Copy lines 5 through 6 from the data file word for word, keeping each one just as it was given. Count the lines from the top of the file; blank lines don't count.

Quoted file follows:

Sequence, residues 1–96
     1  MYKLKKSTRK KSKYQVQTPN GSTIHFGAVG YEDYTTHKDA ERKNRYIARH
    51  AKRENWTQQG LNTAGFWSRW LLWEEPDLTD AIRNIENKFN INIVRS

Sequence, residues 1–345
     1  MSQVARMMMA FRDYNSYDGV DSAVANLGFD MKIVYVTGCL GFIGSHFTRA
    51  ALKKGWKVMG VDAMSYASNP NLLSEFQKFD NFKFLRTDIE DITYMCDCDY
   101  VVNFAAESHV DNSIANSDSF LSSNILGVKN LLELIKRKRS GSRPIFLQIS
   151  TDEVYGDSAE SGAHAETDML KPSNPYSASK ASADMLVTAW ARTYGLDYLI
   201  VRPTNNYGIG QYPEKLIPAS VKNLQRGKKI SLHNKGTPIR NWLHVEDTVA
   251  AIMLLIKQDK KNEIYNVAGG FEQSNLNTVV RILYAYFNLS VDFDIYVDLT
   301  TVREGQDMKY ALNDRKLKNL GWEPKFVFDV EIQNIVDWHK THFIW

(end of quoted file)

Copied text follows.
     1  MSQVARMMMA FRDYNSYDGV DSAVANLGFD MKIVYVTGCL GFIGSHFTRA
    51  ALKKGWKVMG VDAMSYASNP NLLSEFQKFD NFKFLRTDIE DITYMCDCDY